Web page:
Klimatdebatten förs på Internet

För någon vecka sedan hörde jag något på radions Studio Ett som förbryllade mig. En korre rapporterade från Moskva om hur ryssarna ser på klimatfrågan. Han sa att det bland forskare ”finns flera skolor” och att en av dessa menar att människan inte kan påverka klimatförändringen utan att den styrs av ”solens rörelser och universums uppvärmning”. Läs mer

En forskare ska känna sig korkad

I fredags satt jag för att lyssna på ett keynote-föredrag under forskningsinstitutet SICS årliga ”open house”-dag. Den som introducerade talaren berättade att han nyligen läst en artikel om ”stupidity in research”, där det framgick att en forskare bör känna sig dum varje dag – annars gör han/hon troligen inte bra forskning. Jag googlade såklart raskt fram artikeln, som finns publicerad i juni 2008-numret av tidskriften Journal of Cell Science, i min iPhone (tack, du fantastiska lilla pryl!) och skummade den där och då.

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Bio-engineering and the London Marathon

With the London marathon taking place this weekend, this Tuesday’s Daily Telegraph ran a full-page article entitled “What makes the perfect marathon runner?”


I read the science-related articles press with interest, as they generally feature subjects which (they hope) appeal to the wider public. In this quite extensive article, the journalist Sanjida O´Connell manages to cover several topics guaranteed to interest the reader:


1)     The limits of the human body: are we running as fast as we can? (answer: nearly)

2)     Is it all in our genes or can we all run that fast if we just train a bit harder? (answer: relax – its mainly in the genes) and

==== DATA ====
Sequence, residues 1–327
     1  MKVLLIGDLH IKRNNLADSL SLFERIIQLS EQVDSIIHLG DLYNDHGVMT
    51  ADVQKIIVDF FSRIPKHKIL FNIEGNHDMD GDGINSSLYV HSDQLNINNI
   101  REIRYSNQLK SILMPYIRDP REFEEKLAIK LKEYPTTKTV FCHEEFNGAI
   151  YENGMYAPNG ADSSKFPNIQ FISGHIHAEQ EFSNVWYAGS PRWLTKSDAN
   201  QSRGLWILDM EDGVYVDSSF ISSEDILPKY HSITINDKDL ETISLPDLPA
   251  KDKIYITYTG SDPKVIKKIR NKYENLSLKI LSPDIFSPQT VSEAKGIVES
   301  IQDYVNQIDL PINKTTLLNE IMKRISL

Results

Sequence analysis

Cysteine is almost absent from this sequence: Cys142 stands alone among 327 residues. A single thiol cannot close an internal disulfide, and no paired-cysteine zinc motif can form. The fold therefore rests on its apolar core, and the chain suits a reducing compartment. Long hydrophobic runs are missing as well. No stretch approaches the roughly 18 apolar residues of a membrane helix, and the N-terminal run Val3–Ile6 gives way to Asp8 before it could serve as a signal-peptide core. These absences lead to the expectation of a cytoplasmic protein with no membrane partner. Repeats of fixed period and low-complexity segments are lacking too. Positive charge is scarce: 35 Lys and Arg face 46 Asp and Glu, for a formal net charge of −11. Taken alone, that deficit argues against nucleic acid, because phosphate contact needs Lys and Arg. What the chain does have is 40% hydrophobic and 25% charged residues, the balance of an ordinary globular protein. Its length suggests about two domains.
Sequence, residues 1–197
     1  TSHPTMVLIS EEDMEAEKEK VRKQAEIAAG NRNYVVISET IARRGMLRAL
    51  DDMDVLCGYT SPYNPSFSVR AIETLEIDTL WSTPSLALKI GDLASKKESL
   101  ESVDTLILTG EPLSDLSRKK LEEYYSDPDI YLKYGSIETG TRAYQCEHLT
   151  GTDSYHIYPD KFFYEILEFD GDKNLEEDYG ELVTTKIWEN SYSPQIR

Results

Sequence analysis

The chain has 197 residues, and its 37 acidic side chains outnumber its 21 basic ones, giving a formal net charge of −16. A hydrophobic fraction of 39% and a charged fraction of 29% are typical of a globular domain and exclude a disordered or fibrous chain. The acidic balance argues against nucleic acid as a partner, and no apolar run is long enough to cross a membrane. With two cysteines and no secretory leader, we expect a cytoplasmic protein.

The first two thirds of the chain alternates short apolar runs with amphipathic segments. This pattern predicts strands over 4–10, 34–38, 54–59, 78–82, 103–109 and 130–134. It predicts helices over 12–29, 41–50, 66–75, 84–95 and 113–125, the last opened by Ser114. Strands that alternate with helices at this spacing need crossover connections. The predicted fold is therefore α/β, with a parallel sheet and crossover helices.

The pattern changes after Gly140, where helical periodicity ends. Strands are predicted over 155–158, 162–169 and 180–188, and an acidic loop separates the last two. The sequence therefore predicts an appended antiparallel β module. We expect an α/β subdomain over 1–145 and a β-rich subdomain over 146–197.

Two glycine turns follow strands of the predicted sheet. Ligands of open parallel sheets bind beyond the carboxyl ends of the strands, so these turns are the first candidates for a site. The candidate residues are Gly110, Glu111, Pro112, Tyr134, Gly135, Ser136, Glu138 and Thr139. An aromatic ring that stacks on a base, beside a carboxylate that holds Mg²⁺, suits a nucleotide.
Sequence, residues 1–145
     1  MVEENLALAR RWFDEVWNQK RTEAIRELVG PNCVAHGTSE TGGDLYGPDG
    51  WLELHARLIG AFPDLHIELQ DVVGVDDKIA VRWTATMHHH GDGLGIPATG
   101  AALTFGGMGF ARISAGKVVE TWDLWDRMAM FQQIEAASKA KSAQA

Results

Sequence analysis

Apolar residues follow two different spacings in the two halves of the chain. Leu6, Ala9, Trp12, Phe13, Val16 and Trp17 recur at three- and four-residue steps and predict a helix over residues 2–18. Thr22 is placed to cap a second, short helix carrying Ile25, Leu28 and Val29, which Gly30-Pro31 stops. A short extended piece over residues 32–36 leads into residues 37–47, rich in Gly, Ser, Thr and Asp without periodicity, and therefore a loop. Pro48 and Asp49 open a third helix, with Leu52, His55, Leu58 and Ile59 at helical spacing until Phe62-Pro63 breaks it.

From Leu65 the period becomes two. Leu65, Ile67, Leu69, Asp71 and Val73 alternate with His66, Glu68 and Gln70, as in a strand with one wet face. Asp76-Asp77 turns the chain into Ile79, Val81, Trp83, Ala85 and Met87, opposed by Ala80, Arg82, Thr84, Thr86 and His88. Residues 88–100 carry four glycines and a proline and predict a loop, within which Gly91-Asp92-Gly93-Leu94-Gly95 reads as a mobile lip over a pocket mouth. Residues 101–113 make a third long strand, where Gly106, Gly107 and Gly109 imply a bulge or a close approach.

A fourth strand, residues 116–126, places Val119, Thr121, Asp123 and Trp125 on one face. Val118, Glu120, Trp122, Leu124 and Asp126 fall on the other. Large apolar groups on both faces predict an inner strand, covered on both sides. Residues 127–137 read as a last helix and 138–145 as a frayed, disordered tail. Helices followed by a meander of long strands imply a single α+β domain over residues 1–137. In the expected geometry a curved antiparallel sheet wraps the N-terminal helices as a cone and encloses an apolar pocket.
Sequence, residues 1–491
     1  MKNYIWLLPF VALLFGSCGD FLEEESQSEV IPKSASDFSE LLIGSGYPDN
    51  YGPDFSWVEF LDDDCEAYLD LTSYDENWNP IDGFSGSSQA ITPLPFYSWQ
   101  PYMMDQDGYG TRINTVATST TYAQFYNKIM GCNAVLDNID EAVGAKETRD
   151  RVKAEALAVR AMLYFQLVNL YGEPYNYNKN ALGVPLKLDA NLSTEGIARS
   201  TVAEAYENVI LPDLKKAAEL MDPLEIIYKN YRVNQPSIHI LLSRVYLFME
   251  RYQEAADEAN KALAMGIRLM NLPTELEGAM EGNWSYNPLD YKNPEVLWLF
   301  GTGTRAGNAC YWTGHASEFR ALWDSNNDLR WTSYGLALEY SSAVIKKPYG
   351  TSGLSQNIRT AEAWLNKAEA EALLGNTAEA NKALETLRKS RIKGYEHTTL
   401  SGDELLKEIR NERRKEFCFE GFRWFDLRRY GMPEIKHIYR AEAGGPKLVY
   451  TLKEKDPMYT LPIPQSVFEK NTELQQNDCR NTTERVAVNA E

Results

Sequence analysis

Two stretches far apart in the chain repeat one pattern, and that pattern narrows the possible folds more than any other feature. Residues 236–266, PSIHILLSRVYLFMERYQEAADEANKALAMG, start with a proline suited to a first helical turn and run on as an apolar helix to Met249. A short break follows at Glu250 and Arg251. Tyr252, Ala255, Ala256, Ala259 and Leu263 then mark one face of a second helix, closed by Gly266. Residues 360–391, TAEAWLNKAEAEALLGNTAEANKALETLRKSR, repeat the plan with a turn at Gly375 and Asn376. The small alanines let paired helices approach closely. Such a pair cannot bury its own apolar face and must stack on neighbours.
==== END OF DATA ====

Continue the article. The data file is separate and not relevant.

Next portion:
3)     Could we bioengineer a perfect marathon runner? The surprising answer here is yes, probably! But it would not be a good idea.


The perfect marathon runner really could (in theory at least) be bio-engineered through a technique called gene doping. This technique involves injecting into the body a harmless virus that carries a performance-enhancing gene. This new gene would override genes in the appropriate cells, leading to enhanced athletic performance. 


This technique is already being used to develop treatments for conditions such as muscular dystrophy, and whereas few people would question whether this was a Good Thing, many may take issue with gene doping to win races. There are many serious health-related risks, as well as the obvious questions about whether this is an acceptable way to enhance sporting prowess. (Probably not, I would have thought).


But this story is a great example of how to connect every day stories with science. Read the article at: –




More power and influence for scientists?

Two stories caught my eye this week, leading me to hope that scientists are being propelled closer to the centres of power…

Easter at the White House

For the first time in 30 years the White House invited the AAAS (American Association for the Advancement of Science) to host a scientific activity as part of the annual White House Easter Egg Roll. Läs mer